“This morning I woke up, cut my hair, danced with the trimmed hair flying open all as a matter of factly without realising what it might mean to do something like this, or BE this person in another setup or another country. The familiarity and the mundane-ness of our privilege is so hidden that it’s nearly impossible to know what you have until one day you don’t. The gaze on the feminine is stronger than ever, the scrutiny is inhuman. Whether it is our right to cover our head, or uncover it, the laws around what a female body should or should not do and the mandates that are dictated for the script of the feminine are outrageous.” – Aditi Venkateshwaran, Performer/ Artistic Director IAPAR.
Although this performance wasn’t directly meant to be a protest, it is our small attempt to show our absolute and unwavering solidarity for the protests, for reclaiming our right to exist, and to exercise the will and choice to do so in whatever way we please. Performance was, is and will always remain a powerful tool to protest, and we continue to remain inspired by the immensely powerful acts of resistance taking place on the streets of Iran, and by those that have been demonstrated across the world in moments of relevance.
“In light of the protests happening against the killing of Mahsa Amini (Zhina Amini), where women have been marching out on the streets of Iran, defiantly opening and cutting their hair in public and dancing and demanding that their oppressive ruler be removed from power, I think our performance We Dance Ourselves (an adaptation of ‘Rosas Danst Rosas’ by Anne Teresa de Keersmaeker) last weekend happened at a very crucial time, where our hair flying unabashed and free was observed to be as important an element as the rest of our movements – as a member of the audience put it, “your hair seemed to have a personality of its own”. It is incredible to think that this performance would perhaps have been banned in Iran today, perhaps with hefty fines, arrests, or fatal consequences for its performers? And is the situation very different in our country? In 2022, we are still fighting for our right to be the way we want to be, to make the choices we want to make.” – Tanvi Hegade, Performer / Writer / Dance Movement Therapist.
Before the pandemic Aditi and Tanvi were both a part of the Indian Adaptation of the Chilean Anti Rape Song Protests in Mumbai and in Pune. On the 26th of January 2020, they performed the Hindustani version of the Chilean Anti-Rape Song – translated in Hindi by Sapan Saran, something that some of us have been deeply moved and inspired by. Based on the work of Rita Segato, the piece was created by the Valparaiso Feminist Collective called Las Tesis. It was performed at the International Day of Elemination of violence against women on the 25th November 2019 and has been performed all over the world since.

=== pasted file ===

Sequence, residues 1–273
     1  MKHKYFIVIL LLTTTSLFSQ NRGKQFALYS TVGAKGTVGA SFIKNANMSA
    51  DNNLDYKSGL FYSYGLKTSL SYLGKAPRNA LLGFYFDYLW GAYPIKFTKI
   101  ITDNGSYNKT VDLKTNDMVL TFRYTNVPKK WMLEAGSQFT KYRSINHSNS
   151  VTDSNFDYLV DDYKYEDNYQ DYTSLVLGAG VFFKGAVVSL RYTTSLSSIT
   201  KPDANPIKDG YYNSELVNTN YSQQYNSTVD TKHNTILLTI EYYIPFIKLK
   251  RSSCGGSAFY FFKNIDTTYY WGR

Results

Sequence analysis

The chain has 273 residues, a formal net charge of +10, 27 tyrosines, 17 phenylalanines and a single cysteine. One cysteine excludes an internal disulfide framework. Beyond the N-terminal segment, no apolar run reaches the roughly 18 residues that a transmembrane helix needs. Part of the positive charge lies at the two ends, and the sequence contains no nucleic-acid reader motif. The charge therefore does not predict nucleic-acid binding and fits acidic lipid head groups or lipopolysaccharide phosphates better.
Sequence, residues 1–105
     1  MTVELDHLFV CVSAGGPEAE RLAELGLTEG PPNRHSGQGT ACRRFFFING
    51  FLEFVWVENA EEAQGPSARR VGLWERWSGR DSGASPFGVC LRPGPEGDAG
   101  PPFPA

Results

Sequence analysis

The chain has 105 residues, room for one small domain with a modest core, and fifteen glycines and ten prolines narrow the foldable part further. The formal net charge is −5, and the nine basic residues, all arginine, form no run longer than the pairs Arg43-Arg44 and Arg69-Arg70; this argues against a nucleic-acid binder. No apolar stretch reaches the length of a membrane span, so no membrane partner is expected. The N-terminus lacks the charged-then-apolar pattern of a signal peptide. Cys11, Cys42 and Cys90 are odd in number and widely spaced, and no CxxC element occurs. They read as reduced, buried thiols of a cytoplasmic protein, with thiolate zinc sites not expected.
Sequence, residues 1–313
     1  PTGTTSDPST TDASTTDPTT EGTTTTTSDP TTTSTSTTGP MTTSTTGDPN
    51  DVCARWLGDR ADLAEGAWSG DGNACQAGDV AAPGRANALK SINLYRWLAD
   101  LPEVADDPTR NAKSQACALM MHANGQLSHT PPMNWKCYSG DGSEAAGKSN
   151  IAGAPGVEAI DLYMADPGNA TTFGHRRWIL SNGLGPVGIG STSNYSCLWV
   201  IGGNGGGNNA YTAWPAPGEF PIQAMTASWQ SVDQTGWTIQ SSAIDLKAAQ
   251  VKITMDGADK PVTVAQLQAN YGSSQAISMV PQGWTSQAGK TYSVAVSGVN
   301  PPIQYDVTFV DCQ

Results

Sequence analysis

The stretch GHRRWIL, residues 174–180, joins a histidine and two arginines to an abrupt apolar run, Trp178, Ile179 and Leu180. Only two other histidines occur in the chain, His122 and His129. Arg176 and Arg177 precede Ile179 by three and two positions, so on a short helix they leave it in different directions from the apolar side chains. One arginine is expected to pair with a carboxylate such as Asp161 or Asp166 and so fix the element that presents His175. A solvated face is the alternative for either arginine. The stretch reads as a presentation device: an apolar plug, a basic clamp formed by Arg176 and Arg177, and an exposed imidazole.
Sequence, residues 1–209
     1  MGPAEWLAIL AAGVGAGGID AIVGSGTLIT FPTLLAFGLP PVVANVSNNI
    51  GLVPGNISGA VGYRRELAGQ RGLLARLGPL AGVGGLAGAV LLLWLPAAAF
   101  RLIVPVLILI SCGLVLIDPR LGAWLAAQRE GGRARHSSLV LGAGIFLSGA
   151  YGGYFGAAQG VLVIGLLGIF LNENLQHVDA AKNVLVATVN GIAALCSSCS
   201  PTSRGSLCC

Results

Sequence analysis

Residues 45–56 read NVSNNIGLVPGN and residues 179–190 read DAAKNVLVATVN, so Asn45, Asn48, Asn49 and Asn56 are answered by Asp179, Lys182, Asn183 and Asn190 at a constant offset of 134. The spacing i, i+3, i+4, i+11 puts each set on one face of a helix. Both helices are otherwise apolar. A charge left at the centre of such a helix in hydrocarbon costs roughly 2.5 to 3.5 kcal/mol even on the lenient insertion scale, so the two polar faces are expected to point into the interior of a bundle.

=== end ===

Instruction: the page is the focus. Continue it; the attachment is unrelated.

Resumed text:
The Mumbai performances happened on 22nd January in Andheri and Versova and another one on the 26th January at the Juhu Beach. In Pune it was performed on the 26th January outside TIFA Working Studios and Jyotsna Bhole Sabhagruh in the evening. Everyone in both the teams have come from different walks of lives, professionals, students, homemakers aged 16-81 were a part of this. The movement that was initiated in Mumbai by Anat Speaks and Studio Tamasha is supported in Pune by organisations like IAPAR, TIFA, many many friends and loved ones.
“I’ve always struggled to express my political and social discourse. But my art then becomes my healing, for me and for many like me who go to it to find meaning in the chaos.
In November 2020, we started the creation of the work “Constant Acts of Disobeying” which was another way to voice and question the gender narrative and the burdens that are attached to it. We’ve performed over five shows of this production and there’s so much yet to be done with it. Understanding the new and questioning the old. Women and Men who break the rules, who disobey, yet hold each other through!”, says Aditi.
These and several other performances talk of every woman, every man’s journey into empowering many more along with their own selves. They talk about everyone who’s had to shout to be heard. They talk of the exhaustion and the little successes along the way. Coz it’s all justified when you think of our future children, those who may not be born to us, but those who we live for and those we leave behind.
There is more than one way to voice support and to protest. Because most of the time, solidarity is shown through simple acts of kindness, through smaller moments of consideration, through art. These are difficult times, confusing times, and the only thing that’ll keep us all sane is having each other’s back and not spreading more hate than there already is.
Through anxiety and panic, let’s all hold each other close, let’s listen, observe, educate ourselves and take turns to protest our unrest. Because in the end – “In diversity we evolve”. May our collective light shine sharp, bright and blindingly on oppression, bigotry and fanaticism. And continue to dance ourselves, we shall.
Contributors to the blog – Tanvi Hegade and Aditi Venkateshwaran.
Some more performances in protest for justice for #mahsaamini